It seemed when I was growing up that our Catholic masses ended oddly.
Priest: The mass is ended.
All: Thanks be to God.
Was everyone to be thankful to God that the mass had just ended?
That didn’t seem very complimentary to the celebrant, nor very respectful to the services themselves – everyone saying thanks be to God that the mass was over. It seemed like we were all saying “Geez, it’s about time! It seemed to be dragging on forever. And the game is about to come on!”
It just seemed that it would have been better if the mass ended differently.
Thanks be to God, the masses can end differently now .. and better.
In fact, now there are a few options to choose from. Here are the options:
Deacon (or Priest): Go forth, the Mass is ended.
or Go and announce the Gospel of the Lord.
or Go in peace, glorifying the Lord by your life.
or Go in peace.
I prefer the “Go and announce the Gospel of the Lord” or “Go in peace, glorifying the Lord by your life” options. Aren’t those closings more inspiring to the Christian leaving mass and going out into the world to bring the light of Christ into it than merely, “The mass is ended”?
Fortunately, for us, there were no changes to what we say, and we all still say:
All: Thanks be to God!
So now, go forth, my blog story is ended.
(No one better say: Thanks be to God!)
Now, here is a fun video trailer for the comics series that I put together to further promote the series.
You can sign up to follow the series on the Ed Novick Comics site. Just click on the Follow link in the right hand column and you can receive the daily comics by email.
Does anyone remember Letterman?
The Adventures of Letterman was a cartoon that was on Electric Company, a children’s TV show on Public Television channel 11, when I was a kid. I looked it up and found this video of it on Youtube.
The voices of the narrator and Letterman sounded familiar, so I researched and found out that the narrator was Joan Rivers and the voice of Letterman was, just as I thought, comedic actor Gene Wilder (love him!).
Letterman would take a letter off his Letterman jersey and change a word to save the day. In this episode, Dancing In The Dark, the villain Spellbinder turns the word “light” into “night”, casting the world into darkness. But fortunately Letterman peals the “l” off his jersey and turns the “night” back into “light” again to save the day.
Artistically to me, the Spellbinder represents Satan (evil) who had his moment turning all things dark and filling life with fear. But Letterman who represents the hero of The Word, saved the day, and he did it with an “l” that is close to His heart, and put the light back in life again.
Words, and the thoughts they trigger, are funny that way.
I was recently driving down the road and thought I saw a sign that read “Marital Arts”. I thought, “How nice. There needs to be more focus on marriage and the art of it.”
Upon closer inspection, it became evident that I had misread the sign which actually read “Martial Arts”.
Had the Spellbinder struck again?
My mind went to my recent blog Happy Trails To You in which I had a similar experience upon seeing the words “trail”, thinking it was the word “trial”, and wrote an insightful blog story comparing the two words and how they differed greatly. In the same way that “trail” and “trial” are similar with only a transposition of letters, but a vast different in meaning, it made me think the same of the words “marital” and “martial”, and it made me think of my own failed marriage.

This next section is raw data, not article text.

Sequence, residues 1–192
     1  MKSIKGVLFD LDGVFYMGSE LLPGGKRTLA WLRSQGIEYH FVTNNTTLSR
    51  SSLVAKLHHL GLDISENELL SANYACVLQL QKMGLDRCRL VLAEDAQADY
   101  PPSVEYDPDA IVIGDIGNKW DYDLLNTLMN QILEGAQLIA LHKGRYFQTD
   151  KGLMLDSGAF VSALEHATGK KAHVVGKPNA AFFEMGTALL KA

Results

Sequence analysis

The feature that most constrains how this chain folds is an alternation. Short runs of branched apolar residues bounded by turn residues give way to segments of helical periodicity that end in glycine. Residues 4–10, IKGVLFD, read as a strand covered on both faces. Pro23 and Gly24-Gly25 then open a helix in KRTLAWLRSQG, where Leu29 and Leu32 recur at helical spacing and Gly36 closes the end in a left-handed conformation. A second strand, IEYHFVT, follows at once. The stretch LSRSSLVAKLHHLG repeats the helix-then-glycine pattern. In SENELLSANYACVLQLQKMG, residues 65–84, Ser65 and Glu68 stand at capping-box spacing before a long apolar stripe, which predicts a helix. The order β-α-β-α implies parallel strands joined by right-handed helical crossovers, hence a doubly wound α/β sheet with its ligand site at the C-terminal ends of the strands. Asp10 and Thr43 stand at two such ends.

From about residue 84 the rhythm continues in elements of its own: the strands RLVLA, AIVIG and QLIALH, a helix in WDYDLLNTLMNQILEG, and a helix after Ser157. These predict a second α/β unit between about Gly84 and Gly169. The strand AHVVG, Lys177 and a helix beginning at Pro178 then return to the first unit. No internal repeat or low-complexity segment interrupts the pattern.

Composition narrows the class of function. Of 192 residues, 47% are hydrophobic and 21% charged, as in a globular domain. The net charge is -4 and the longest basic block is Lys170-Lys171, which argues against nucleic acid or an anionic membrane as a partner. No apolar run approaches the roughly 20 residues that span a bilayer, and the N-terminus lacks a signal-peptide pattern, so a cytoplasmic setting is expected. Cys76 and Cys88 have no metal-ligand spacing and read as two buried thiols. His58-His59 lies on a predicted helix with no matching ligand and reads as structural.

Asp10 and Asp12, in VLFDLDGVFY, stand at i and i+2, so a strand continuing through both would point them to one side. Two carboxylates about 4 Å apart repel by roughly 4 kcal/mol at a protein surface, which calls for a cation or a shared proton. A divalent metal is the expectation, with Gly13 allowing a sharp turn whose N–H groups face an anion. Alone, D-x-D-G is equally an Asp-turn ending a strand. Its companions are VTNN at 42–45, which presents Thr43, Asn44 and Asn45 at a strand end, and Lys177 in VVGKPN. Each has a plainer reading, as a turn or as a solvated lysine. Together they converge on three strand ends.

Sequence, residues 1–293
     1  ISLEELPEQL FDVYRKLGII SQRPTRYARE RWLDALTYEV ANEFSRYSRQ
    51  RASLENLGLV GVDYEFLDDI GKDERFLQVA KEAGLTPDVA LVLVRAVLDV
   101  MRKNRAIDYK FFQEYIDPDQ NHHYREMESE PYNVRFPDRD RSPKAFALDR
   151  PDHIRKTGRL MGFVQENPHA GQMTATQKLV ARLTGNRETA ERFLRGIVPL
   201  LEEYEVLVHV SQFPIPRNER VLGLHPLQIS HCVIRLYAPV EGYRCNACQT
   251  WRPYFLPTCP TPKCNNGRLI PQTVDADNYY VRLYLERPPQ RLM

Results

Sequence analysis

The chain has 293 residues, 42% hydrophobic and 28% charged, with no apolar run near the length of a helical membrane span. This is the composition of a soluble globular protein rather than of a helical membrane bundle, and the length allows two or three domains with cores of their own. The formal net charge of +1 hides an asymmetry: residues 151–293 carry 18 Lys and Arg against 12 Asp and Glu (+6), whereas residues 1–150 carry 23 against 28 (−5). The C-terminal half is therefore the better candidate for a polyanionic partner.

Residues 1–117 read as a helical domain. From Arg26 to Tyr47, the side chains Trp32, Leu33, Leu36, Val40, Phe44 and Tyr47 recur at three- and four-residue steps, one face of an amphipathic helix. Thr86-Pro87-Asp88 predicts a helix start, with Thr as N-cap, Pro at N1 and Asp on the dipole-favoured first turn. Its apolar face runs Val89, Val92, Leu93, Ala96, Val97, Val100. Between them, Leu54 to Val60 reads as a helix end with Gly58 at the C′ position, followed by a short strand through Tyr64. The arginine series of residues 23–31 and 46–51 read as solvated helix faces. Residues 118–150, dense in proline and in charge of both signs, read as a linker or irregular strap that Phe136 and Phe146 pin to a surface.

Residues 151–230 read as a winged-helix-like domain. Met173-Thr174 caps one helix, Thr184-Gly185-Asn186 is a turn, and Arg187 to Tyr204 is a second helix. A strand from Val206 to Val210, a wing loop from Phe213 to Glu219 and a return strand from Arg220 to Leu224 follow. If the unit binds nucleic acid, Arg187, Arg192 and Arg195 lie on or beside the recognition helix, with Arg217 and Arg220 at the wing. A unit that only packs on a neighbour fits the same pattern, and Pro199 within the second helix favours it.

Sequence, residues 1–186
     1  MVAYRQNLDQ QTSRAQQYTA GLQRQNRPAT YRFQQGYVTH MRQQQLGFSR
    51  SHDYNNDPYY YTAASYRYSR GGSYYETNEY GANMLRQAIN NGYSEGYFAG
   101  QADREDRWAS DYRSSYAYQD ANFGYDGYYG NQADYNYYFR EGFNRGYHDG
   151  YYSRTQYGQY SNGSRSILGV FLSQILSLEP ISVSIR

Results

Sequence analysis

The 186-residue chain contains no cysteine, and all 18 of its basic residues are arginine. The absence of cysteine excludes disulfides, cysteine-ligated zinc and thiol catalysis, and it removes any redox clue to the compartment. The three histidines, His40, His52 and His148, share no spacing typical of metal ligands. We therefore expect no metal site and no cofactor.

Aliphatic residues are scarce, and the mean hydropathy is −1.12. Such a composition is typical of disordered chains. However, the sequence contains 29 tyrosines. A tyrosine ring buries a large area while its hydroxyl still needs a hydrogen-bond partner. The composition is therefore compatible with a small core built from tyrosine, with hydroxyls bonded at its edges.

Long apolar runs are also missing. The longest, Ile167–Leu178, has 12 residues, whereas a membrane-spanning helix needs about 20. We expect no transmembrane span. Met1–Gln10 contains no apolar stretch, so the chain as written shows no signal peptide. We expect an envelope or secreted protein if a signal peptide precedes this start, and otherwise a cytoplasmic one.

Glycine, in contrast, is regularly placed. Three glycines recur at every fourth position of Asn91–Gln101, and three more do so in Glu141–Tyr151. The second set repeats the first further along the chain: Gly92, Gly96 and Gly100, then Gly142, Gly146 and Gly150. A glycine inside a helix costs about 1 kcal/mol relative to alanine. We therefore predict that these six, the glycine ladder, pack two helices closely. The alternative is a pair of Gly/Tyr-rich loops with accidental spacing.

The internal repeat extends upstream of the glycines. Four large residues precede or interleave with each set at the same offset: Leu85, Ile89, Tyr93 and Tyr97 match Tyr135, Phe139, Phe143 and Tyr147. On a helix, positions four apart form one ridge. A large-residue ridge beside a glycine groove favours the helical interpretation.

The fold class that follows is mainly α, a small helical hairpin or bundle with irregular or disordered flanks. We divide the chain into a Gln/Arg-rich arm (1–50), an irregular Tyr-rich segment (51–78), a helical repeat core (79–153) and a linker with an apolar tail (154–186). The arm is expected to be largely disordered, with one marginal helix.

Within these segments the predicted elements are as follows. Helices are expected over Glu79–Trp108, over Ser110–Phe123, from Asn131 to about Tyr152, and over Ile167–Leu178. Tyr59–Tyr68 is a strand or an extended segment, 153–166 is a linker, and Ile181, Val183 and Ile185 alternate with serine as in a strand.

In the word “marital”, the “i” is first. I put everything into my marriage and made it marital, at least as best I could. I loved my wife. I took care of my family. I trusted my spouse. I loved God and tried to follow His ways in all things. I had faith. I gave it everything I had.
Unfortunately, the Spellbinderput my former wife, Tina (or “T” as I used to sometimes call her) under a spell and tempted her to put herself first, overriding the “i”, and turning “marital” into “martial”. Martial means “relating to war” … and that is what the marriage became as a result. It was warlike. It was combative. There were casualties. There was pain. It was hell.
I could only pray for God’s mercy on us – me, my former spouse, and my children.
God is love. And He is most merciful. And His Word is the light of the world and will save us all. And, like Letterman, He seems to be using an “l” close to His heart to save the day by put light back into life again.
Here is the trailer for my recent blog article – Essential Soccer Moves to Master.
(I’ll bet you didn’t know that a blog article could have a trailer. Well, now you do. If the blog article is good enough, important enough and promoted well enough, it will.)
I have been a Chicago Cubs baseball fan as long as I can remember. I was 3 years old in 1969 when the excitement of the ’69 Cubs turned into the disappointment of the ’69 Cubs as they collapsed in September. I loved watching the day home games at Wrigley Field on TV with my dad and knew the Cubs players by name that year…Don Kessinger, Glenn Beckert, Billy Williams, Ron Santo, Randy Hundley, Fergie Jenkins, and Mr. “let’s play two” Cub himself, Ernie Banks. I have been a fan ever since.
Now, for a kid growing up watching Chicago Cubs baseball day games at Wrigley Field, that place is heaven.
Have you seen the Field of Dreams movie? Then you might understand – there is something surreal and heavenly about the place.
My brother Michael is as big a fan as I am – and even probably bigger.
So for Michael’s 30th birthday in 1997 we got a set of tickets to go on a Wrigley Field day tour.
I had a college friend, Betsy, who, for a summer job, gave day tours at Wrigley Field. On the weekends when the Cubs were out of town, Wrigley Field gave behind-the-scene tours at the ballpark. Betsy suggested going on the tour, so taking Michael there for a birthday gift seemed like a great idea to celebrate in a special way doing something memorable.